e. Resident electoral commissioners to intensify arrangement for election day transportation in consultation with the National Union of  Road Transport Workers in the context of an MOU, which we have already signed with the union.

Prof Jega explained that the card readers, the use of the PVCs and  the card reader for the conduct of the 2015 election, adding “we believe are in accord with the provisions of the Electoral Act 2010 as amended. They were introduced also, pursuant to the powers granted to the commission by the 1999 Constitution (as amended), INEC is empowered by Section 16(4) of the Electoral Act 2010 to and I quote: wherever it considers it necessary, replace or any voter card for the time being by voters’’

On the commission’s decision to replace TVC with PVC  the INEC boss said it was in accordance with the provisions of the electoral Act as amended. An election he noted is said to be validly conducted if it meets certain basic requirements including accreditation of voters. An election cannot be said to be properly conducted, if the if the steps provided by section 49 of the Electoral Act 2010 are not complied with.

This section he explained requires that anybody intending to vote shall present himself with his voter card to a  presiding officer who shall certify him or herself that person on the person is on the register of voters before issuing such a person with ballot paper.

On he application of the Card Reader Jega said the use of the card reader for the purpose of accreditation of voters is one of the innovations introduced by the commission to improve the credibility of the electoral process, in particular, the accreditation process. He noted that it is not offensive to the electoral Act or to the constitution. It adds value to the desires of Nigerians to have a credible election in line with international best practice.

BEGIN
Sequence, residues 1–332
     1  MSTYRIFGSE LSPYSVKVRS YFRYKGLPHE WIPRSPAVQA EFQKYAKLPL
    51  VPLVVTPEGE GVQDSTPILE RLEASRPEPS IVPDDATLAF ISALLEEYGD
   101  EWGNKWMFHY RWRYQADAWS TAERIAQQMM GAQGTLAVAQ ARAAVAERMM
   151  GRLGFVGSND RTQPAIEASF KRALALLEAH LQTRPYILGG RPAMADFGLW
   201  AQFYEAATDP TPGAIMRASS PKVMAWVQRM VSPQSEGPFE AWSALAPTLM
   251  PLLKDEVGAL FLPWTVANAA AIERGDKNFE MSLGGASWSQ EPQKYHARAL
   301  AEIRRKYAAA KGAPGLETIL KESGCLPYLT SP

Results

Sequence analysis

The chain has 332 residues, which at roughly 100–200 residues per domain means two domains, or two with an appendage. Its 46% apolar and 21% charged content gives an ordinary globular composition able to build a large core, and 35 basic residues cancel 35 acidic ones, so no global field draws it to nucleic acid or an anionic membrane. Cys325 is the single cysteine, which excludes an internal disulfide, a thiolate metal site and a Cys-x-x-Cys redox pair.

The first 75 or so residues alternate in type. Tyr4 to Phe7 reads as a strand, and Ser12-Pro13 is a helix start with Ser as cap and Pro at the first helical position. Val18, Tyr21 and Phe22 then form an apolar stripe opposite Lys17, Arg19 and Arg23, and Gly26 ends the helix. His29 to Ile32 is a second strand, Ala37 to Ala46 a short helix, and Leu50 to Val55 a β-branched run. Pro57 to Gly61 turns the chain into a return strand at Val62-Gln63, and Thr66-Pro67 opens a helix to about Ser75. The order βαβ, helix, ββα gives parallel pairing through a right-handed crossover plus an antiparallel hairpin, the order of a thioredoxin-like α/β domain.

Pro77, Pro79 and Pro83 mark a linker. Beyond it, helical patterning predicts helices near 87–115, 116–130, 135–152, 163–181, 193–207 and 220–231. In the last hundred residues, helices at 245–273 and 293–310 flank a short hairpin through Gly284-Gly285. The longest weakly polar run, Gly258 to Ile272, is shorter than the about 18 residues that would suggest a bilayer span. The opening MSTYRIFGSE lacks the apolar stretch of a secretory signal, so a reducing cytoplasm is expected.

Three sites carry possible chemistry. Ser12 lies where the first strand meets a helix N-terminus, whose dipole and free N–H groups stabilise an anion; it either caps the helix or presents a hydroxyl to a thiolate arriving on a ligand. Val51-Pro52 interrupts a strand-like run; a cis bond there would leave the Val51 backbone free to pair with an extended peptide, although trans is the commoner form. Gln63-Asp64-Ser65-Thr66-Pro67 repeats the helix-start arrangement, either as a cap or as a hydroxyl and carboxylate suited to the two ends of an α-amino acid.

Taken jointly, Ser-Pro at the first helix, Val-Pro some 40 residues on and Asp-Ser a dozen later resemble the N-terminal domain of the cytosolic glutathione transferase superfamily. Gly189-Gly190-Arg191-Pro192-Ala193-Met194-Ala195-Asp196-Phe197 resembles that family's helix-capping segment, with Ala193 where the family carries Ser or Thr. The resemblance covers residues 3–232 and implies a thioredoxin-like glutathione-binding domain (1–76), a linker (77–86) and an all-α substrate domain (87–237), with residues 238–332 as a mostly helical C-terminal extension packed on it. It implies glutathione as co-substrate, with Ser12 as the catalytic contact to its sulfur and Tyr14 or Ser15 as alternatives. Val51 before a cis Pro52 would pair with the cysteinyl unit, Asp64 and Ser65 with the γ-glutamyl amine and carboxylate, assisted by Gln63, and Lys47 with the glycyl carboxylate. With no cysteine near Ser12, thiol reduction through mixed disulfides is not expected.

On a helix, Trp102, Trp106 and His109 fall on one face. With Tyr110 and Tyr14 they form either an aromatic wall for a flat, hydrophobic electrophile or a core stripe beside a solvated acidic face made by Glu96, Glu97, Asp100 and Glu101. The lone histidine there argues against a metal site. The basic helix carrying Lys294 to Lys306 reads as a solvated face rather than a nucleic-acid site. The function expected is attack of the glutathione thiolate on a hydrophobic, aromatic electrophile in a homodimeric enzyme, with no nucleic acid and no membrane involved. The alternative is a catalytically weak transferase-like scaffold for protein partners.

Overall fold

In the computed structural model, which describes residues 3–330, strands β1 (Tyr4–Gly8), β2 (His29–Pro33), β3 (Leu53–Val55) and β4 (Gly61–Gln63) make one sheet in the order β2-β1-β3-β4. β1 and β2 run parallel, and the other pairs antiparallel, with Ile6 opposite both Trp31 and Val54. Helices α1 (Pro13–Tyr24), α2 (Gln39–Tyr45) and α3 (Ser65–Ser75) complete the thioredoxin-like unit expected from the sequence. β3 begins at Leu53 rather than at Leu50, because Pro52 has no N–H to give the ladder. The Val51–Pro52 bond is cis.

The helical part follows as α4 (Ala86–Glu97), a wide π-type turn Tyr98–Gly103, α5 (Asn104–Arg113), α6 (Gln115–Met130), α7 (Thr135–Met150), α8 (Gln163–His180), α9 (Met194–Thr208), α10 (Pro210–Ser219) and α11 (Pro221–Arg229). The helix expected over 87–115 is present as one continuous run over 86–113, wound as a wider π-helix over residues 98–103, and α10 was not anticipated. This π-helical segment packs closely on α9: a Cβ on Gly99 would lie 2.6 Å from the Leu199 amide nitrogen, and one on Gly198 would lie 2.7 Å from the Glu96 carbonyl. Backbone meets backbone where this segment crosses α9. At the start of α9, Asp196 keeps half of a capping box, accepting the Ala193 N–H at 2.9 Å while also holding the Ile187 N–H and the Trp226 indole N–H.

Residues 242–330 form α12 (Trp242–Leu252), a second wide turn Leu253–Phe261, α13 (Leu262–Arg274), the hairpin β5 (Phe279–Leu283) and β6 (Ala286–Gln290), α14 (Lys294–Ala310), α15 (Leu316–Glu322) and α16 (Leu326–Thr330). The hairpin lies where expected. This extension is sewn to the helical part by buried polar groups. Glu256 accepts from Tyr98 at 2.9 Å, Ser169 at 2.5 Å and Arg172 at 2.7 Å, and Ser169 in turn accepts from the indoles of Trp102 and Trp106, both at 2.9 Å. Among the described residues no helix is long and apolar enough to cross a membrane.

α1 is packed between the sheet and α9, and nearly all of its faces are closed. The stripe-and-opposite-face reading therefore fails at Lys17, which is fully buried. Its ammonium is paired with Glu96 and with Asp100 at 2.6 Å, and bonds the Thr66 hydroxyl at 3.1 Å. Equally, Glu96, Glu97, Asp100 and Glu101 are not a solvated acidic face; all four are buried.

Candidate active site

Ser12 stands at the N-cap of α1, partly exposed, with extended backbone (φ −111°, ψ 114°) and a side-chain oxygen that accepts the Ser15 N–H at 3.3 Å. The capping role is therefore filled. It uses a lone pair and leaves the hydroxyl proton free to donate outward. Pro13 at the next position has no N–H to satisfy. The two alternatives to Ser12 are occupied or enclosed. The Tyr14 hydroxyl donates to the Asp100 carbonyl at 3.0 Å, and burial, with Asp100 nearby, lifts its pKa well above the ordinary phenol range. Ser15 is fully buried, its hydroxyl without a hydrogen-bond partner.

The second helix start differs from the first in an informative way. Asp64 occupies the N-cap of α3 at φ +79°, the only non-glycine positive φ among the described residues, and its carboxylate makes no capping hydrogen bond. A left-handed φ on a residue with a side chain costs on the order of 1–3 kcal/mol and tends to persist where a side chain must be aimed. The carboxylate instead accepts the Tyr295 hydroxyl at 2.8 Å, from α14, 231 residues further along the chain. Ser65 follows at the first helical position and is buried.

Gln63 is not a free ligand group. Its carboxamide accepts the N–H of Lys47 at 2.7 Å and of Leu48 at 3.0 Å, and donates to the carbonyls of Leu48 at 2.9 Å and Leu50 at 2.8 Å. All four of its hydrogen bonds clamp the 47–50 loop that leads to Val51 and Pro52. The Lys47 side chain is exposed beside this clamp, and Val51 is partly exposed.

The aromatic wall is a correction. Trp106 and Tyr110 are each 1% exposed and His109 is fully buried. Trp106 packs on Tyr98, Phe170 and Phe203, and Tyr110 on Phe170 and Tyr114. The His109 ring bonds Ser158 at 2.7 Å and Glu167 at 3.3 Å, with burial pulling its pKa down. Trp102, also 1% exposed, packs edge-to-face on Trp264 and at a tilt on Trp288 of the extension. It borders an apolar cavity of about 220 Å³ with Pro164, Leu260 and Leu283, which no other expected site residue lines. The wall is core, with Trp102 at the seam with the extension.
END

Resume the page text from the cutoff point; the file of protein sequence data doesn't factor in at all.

He noted that whereas section 52 of the electoral Act of the Electoral Act prohibits the use of electronic voting,  the card reader is not a voting machine and it is not used for voting, it is merely an electronic devise introduced to improve the integrity of the voting process. It should be remembered that section 78 and section 118 of the constitution grants INEC powers to register voters and to conduct election in Nigeria.

He further explained that using the card reader has enormous advantages. The first, beinn that once the card reader is configured, it can only read PVC  issued by INEC at the polling unit that it has been configured.  Second, it reads the embedded  chip card not the back code. Third it enables authentication of the identity of the voter  by matching his or her finger print with that code on the chip of the card. Four, it keeps a tally of all cards read  and all cards verified or authenticated with all their details including the time when this was done. Five , this information can be send to a central server using an SMS. Six,  the stored information on the server will enable INEC to audit results from polling units as well as do arrangement of  statistical analysis of the demographics  of voting, something INEC has never been able to do effectively. Seven, the ward collation officer can use this information to audit polling unit result sheets and to determine whether accreditation figures have been altered, a common feature of electoral fraud in our jurisdiction.